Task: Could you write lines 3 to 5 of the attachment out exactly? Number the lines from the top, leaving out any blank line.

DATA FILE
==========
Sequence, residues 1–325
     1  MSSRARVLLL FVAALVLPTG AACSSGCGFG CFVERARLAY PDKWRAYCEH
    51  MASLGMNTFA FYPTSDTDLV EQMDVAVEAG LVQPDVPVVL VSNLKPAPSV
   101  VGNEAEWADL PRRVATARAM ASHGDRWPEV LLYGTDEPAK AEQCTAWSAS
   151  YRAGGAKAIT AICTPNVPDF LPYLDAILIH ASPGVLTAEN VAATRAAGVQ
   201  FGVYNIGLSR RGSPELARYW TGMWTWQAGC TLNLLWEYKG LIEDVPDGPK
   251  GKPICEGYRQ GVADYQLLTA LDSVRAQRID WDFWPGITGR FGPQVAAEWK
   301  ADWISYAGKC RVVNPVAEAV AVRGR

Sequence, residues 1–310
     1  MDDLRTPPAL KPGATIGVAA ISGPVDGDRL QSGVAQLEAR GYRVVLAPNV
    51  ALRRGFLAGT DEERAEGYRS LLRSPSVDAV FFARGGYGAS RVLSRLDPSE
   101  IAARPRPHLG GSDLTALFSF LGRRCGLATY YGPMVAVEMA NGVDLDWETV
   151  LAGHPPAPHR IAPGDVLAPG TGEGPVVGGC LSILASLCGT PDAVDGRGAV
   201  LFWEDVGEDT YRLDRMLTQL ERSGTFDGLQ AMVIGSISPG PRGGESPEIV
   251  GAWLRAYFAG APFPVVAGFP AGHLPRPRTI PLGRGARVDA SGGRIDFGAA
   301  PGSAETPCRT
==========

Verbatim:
    51  MASLGMNTFA FYPTSDTDLV EQMDVAVEAG LVQPDVPVVL VSNLKPAPSV
   101  VGNEAEWADL PRRVATARAM ASHGDRWPEV LLYGTDEPAK AEQCTAWSAS
   151  YRAGGAKAIT AICTPNVPDF LPYLDAILIH ASPGVLTAEN VAATRAAGVQ